Guest Article by Sheila Olsen from fitsheila.com
Sleep is one of our body’s most important functions. It gives your mind time to rest and recharge, allows your muscles to heal and strengthen, and even regulates mood and boosts immune function. However, most of us don’t get the quality sleep we need.
This can happen for many reasons, especially when it comes to fertility and birth. Women who are trying to conceive often experience high ambient stress, especially if the process is taking much longer than they’d expected. Pregnancy can interrupt sleep in a variety of ways from conception to birth and, of course, newborns aren’t known for their sleep-enhancing qualities.
That said, there are ways to mitigate these issues and get the rest you deserve. Breathe with Lauren invites you to take a look at some of the common reasons women lose sleep and give you the tools to overcome them.
Stress and Anxiety
One of the most common reasons people can’t fall or stay asleep is stress. Most people with anxiety, whether temporary or chronic, spend their days stuck in stressful thought patterns. When they try to fall asleep, their minds can’t step away from these patterns long enough to wind down and sleep. This leads to more stress about the fact that you’re not sleeping.
There are several ways to tackle this. Many people who stress before bed benefit from playing soothing music, a calming meditation, or white noise over speakers that connect via Bluetooth in their bedroom. This gives your mind something specific to focus on that isn’t your stressful thoughts. You can also try reading or journaling before bed to ensure your last thoughts aren’t anxiety-ridden ones as you drift off to sleep.
Finally, if you absolutely can’t sleep from stress, get up for a little while. Drink some herbal tea (check ingredients if you’re pregnant or trying to conceive) or do some light stretching — anything other than beating yourself up for being awake. Staying in bed while anxious about not sleeping can build up mental associations that make sleep even harder in the long run.
Sleep Issues During Pregnancy
When it comes to addressing sleep problems during pregnancy, you need to identify what’s keeping you up. For example, early on you might be dealing with pregnancy nausea. Don’t let the name fool you — morning sickness can happen at night. There are tons of morning sickness home remedies out there; try some out to see which work best for you. If none of them work, or your nausea and vomiting are severe, talk to your medical provider to get relief.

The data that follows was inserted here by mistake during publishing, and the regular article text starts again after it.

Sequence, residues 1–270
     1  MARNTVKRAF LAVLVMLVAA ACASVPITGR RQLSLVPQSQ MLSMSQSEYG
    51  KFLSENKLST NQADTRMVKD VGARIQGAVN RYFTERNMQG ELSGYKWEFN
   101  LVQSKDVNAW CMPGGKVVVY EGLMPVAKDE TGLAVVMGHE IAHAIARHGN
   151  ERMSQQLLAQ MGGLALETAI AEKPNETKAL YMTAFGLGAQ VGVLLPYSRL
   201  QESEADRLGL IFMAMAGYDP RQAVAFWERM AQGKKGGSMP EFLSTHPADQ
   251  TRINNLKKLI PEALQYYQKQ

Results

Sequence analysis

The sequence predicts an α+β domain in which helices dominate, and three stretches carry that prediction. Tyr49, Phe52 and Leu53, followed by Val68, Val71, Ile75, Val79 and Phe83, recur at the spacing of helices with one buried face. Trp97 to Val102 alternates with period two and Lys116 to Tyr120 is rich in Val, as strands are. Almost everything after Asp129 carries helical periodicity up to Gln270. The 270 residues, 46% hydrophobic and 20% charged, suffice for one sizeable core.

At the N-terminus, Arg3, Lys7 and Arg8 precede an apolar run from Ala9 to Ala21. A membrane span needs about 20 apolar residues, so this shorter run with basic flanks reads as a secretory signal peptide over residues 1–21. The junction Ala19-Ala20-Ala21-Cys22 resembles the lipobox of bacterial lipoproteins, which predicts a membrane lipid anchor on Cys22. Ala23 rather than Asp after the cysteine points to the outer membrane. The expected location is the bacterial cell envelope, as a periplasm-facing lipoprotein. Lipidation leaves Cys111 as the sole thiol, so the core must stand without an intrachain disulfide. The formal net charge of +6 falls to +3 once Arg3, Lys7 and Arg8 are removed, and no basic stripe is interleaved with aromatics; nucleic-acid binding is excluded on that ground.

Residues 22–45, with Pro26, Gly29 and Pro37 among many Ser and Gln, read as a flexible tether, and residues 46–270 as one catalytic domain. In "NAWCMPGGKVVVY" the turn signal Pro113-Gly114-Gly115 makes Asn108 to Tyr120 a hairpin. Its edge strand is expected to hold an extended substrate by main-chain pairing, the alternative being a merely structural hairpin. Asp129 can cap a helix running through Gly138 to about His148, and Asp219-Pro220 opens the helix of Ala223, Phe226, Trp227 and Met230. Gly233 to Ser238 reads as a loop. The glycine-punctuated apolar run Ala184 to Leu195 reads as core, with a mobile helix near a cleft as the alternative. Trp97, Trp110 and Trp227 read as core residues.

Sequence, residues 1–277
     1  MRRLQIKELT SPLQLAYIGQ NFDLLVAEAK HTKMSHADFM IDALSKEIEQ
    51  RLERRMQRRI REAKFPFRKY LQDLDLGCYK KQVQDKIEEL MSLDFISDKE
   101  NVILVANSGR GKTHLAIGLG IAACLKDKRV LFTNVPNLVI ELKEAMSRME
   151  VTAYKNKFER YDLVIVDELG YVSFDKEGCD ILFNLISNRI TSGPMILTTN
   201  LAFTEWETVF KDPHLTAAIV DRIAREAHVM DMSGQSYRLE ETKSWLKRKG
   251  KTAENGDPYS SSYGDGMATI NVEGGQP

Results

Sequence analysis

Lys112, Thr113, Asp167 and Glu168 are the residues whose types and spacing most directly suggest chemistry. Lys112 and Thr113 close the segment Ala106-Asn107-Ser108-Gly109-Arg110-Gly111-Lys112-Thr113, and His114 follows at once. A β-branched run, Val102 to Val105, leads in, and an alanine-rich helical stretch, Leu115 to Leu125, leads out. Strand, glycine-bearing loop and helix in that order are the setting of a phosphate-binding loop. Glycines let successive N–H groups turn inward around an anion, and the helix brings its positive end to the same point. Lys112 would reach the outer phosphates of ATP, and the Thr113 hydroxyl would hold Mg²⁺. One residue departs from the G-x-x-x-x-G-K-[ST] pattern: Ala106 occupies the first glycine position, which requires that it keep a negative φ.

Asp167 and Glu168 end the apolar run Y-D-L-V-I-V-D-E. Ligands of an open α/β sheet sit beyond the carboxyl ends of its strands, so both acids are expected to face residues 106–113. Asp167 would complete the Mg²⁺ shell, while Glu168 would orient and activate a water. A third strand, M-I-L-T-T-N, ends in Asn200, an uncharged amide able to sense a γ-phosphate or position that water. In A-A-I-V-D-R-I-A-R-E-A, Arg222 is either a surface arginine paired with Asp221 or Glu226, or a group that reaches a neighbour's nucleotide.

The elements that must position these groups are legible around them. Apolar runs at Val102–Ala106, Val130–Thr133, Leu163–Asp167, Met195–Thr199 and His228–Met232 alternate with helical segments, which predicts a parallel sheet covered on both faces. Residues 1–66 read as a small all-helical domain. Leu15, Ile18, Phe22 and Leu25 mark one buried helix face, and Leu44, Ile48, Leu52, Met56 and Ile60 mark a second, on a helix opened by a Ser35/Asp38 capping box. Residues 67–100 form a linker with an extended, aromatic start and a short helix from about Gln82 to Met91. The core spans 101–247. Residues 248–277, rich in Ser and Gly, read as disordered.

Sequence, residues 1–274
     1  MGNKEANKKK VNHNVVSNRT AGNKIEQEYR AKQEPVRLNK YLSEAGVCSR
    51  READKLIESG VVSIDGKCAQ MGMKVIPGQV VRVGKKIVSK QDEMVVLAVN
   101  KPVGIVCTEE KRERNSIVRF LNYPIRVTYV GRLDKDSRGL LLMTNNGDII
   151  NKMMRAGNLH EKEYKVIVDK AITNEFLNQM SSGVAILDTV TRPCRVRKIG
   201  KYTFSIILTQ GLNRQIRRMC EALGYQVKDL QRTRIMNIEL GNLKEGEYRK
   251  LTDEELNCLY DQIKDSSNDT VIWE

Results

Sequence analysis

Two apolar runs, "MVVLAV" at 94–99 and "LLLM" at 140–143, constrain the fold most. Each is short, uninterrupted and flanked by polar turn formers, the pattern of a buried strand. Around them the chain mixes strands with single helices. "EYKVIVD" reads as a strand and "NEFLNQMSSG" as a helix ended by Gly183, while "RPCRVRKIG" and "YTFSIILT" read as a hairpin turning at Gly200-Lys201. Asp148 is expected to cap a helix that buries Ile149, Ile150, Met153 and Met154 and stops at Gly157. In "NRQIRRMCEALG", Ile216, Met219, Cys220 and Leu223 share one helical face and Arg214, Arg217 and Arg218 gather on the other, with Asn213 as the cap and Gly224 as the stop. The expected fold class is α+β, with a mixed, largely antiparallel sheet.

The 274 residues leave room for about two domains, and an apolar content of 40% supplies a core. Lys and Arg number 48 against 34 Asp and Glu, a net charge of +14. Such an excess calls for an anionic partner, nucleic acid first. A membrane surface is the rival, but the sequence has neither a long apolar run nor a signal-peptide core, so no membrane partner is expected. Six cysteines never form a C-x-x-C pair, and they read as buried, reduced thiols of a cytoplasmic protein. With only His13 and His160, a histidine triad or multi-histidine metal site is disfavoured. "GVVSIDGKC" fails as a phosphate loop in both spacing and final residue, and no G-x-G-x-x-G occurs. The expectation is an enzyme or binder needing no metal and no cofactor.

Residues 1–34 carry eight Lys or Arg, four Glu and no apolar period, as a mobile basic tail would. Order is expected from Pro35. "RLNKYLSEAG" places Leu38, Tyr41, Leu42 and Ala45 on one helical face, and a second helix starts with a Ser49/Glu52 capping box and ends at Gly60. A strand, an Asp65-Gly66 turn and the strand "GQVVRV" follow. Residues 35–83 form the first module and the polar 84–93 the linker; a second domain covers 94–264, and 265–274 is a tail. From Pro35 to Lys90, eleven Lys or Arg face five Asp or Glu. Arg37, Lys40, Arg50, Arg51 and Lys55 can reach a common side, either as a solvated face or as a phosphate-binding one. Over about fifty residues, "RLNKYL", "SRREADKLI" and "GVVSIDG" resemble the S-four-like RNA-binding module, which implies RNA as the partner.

Heartburn is another common sleep issue in pregnancy. Although hormone changes can cause heartburn to happen throughout pregnancy, it gets more common — and for some moms, unavoidable — as the baby gets bigger and begins to press on your stomach. Pregnancy pillows and over-the-counter or prescription meds can reduce discomfort.
How to Sleep When You Have an Infant
There’s no getting around it — babies put a serious dent in your sleep schedule. There are several approaches you can take to getting sleep when you have a little one. For starters, there’s the tried and true “sleep when the baby sleeps.”
Newborns need to eat every three hours, which means it’s nearly impossible to get a full night’s sleep even with plenty of support, especially if you’re breastfeeding. Eventually, your family will find a rhythm and you can use naps to do chores or just take a breather, but at the beginning, you need to take sleep wherever you can find it.
If you have a partner, work out a routine that allows you both to get a decent uninterrupted chunk of sleep overnight (if you breastfeed, pumping can allow your partner to take an evening feed without waking you up). You can also lean on family and friends in order to catch some extra Zs.
A good night’s sleep can feel impossible sometimes, but these tools can help. We hope this article empowers you to get the rest you need and deserve.
Looking for support on your fertility or pregnancy journey? Want to try some online yoga classes? Contact Lauren Enright today to get started by calling 514-622-4401.
Sheila Olson has been a personal trainer for five years. She believes the best way to achieve physical fitness and good health is to set and tackle small goals. She encourages her clients to stay positive and incorporates mindfulness and practices for reducing negative talk into her sessions. She created Fit Sheila to spread the word about her fitness philosophy."
Lauren is a trained neuroscientist, who after a decade of teaching left her job to start her own business. Her struggle with migraines and anxiety is what brought Lauren to yoga, and kept her coming back as it became a medicine for both her body and mind. Today, Lauren is passionate about teaching meditation and yoga to a large audience as tools to develop more resilience and joy, with less anxiety and overwhelm. Lauren lives in Montreal with her husband and two children, Cedar and Oscar.